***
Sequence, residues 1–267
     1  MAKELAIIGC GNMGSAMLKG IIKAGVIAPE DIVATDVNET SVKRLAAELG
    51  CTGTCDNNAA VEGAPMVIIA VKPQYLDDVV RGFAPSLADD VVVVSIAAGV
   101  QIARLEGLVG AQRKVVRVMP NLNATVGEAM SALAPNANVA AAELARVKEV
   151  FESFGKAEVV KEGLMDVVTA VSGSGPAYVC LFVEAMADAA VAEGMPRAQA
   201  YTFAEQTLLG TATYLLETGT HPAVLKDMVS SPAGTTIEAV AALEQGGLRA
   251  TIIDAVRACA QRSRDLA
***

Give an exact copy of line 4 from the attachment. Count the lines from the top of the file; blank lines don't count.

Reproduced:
   101  QIARLEGLVG AQRKVVRVMP NLNATVGEAM SALAPNANVA AAELARVKEV